The remaining issue is whether plaintiff's claim is properly before this Court. The Government relies on 5 C.F.R. 713.215 for the proposition that an agency head may cancel an EEO complaint when a complainant's separation on other grounds is effectuated. That section of C.F.R. is devoid of any suggestion that termination of employment renders a pending EEO complaint moot. By that section, the agency's power to reject or cancel a claim is restricted. Duplicate complaints, untimely complaints, or the failure to prosecute a complaint alone constitute grounds for dismissal, none of which were present here. The Department's cancellation of Dr. Walker's claim was in direct violation of the regulation. The proper procedure when an agency has erroneously dismissed an employment matter on the grounds it was not within the agency's purview is to remand the case to the agency for a determination on the merits. Holden v. Finch, 144 U.S. App. D.C. 310, 446 F.2d 1311 (1971); Goodman v. U.S., 138 U.S. App. D.C. 1, 424 F.2d 914 (1970). The Court remands this case to the Department of Justice for full consideration of plaintiff's claim at the administrative level.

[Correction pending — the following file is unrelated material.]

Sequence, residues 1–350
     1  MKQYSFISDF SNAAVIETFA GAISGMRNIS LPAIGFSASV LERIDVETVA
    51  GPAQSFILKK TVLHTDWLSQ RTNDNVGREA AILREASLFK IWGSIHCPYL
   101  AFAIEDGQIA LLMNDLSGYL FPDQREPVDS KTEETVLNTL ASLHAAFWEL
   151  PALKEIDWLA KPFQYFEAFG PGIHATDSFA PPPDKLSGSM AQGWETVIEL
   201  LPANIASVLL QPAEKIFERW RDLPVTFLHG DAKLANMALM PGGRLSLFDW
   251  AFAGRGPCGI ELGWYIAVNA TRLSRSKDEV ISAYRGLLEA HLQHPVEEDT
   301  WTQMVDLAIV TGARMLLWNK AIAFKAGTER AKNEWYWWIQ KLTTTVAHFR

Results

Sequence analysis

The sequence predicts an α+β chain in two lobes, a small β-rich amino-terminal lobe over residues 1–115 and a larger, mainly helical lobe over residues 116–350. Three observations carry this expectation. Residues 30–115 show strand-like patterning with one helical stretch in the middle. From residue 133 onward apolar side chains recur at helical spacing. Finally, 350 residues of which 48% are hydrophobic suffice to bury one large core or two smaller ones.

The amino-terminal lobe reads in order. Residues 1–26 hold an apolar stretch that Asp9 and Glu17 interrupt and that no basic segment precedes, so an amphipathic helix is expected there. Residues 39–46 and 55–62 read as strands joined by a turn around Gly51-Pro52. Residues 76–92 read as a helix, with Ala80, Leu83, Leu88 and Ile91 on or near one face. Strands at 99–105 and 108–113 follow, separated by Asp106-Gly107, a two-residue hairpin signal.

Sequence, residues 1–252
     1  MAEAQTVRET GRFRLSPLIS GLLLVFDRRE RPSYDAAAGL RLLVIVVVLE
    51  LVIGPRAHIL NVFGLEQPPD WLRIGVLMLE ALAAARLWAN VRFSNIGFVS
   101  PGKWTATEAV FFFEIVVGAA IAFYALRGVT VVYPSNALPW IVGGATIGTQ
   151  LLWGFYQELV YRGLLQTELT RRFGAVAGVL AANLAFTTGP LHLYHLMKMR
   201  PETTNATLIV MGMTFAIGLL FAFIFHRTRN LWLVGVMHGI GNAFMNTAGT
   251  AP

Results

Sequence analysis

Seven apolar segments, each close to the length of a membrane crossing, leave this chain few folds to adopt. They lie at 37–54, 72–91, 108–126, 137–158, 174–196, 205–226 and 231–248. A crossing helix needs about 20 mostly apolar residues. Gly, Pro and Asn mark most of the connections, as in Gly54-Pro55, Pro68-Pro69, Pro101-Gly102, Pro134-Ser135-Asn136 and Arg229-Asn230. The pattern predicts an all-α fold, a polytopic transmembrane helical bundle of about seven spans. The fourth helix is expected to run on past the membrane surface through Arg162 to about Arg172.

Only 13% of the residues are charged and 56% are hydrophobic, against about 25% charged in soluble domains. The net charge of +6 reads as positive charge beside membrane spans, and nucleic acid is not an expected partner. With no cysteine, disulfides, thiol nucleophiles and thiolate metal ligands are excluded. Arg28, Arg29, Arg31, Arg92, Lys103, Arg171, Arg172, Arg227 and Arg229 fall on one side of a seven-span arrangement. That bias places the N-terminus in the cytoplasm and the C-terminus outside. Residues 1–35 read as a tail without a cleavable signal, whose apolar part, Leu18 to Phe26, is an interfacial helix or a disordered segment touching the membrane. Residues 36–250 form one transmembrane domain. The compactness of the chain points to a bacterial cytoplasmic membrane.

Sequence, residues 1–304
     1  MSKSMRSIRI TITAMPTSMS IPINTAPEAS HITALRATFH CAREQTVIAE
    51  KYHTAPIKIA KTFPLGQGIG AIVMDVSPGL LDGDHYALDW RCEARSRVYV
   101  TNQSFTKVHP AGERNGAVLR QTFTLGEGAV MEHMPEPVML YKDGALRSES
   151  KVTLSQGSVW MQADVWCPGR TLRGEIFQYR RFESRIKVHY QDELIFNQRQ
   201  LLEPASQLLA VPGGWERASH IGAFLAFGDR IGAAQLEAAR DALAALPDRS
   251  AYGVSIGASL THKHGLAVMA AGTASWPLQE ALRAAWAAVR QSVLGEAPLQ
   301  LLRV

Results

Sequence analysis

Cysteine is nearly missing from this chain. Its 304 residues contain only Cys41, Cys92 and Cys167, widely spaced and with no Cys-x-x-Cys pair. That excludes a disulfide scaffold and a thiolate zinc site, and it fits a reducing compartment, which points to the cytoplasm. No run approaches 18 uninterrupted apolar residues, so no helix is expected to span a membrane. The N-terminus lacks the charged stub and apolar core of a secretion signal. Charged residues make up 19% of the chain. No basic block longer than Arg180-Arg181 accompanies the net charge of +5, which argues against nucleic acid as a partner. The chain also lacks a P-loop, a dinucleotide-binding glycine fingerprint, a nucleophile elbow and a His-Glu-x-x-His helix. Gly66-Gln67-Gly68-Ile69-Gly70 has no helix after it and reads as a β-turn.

Accordingly, it is by the Court this 1st day of May 1973
Ordered that Defendant's motion to dismiss be, and it hereby is, denied; and it is further
Ordered that this case be, and it hereby is, remanded to the United States ...